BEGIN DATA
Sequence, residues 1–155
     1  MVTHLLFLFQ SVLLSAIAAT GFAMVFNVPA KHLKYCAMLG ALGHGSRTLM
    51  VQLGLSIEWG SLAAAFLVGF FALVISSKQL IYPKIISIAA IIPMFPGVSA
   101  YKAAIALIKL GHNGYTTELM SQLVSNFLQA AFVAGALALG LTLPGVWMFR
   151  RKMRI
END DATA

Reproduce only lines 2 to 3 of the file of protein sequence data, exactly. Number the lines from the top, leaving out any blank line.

     1  MVTHLLFLFQ SVLLSAIAAT GFAMVFNVPA KHLKYCAMLG ALGHGSRTLM
    51  VQLGLSIEWG SLAAAFLVGF FALVISSKQL IYPKIISIAA IIPMFPGVSA